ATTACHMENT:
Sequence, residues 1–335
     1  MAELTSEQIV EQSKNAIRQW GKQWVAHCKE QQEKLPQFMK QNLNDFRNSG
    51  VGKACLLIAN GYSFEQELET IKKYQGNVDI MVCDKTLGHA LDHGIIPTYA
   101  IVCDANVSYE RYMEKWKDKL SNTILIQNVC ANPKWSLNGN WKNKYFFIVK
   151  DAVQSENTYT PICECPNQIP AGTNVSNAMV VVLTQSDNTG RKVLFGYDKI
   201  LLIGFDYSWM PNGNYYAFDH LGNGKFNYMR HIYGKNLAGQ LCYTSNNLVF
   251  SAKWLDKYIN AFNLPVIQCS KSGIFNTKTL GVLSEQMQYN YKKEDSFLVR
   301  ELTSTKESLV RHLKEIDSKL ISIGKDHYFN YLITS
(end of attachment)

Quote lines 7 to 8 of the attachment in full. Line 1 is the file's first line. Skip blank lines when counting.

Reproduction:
   251  SAKWLDKYIN AFNLPVIQCS KSGIFNTKTL GVLSEQMQYN YKKEDSFLVR
   301  ELTSTKESLV RHLKEIDSKL ISIGKDHYFN YLITS